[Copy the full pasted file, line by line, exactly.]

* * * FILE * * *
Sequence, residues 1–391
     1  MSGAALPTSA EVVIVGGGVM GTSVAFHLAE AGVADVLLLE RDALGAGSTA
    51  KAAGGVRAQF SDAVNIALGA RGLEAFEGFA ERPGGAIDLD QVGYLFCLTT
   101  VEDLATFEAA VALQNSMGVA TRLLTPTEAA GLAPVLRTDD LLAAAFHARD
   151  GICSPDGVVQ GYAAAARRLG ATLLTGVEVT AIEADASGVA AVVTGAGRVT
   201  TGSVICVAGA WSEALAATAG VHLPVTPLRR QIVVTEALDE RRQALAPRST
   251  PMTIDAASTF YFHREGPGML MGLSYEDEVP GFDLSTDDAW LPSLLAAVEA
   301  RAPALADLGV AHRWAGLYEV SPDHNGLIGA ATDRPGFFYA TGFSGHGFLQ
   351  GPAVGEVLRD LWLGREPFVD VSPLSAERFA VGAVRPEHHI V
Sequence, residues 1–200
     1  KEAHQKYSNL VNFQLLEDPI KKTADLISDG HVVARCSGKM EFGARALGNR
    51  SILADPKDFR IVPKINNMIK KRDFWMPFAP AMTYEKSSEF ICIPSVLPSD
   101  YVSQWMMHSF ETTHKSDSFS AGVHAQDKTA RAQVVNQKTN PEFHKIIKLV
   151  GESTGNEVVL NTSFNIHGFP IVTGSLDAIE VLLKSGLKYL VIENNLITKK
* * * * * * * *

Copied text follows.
Sequence, residues 1–391
     1  MSGAALPTSA EVVIVGGGVM GTSVAFHLAE AGVADVLLLE RDALGAGSTA
    51  KAAGGVRAQF SDAVNIALGA RGLEAFEGFA ERPGGAIDLD QVGYLFCLTT
   101  VEDLATFEAA VALQNSMGVA TRLLTPTEAA GLAPVLRTDD LLAAAFHARD
   151  GICSPDGVVQ GYAAAARRLG ATLLTGVEVT AIEADASGVA AVVTGAGRVT
   201  TGSVICVAGA WSEALAATAG VHLPVTPLRR QIVVTEALDE RRQALAPRST
   251  PMTIDAASTF YFHREGPGML MGLSYEDEVP GFDLSTDDAW LPSLLAAVEA
   301  RAPALADLGV AHRWAGLYEV SPDHNGLIGA ATDRPGFFYA TGFSGHGFLQ
   351  GPAVGEVLRD LWLGREPFVD VSPLSAERFA VGAVRPEHHI V
Sequence, residues 1–200
     1  KEAHQKYSNL VNFQLLEDPI KKTADLISDG HVVARCSGKM EFGARALGNR
    51  SILADPKDFR IVPKINNMIK KRDFWMPFAP AMTYEKSSEF ICIPSVLPSD
   101  YVSQWMMHSF ETTHKSDSFS AGVHAQDKTA RAQVVNQKTN PEFHKIIKLV
   151  GESTGNEVVL NTSFNIHGFP IVTGSLDAIE VLLKSGLKYL VIENNLITKK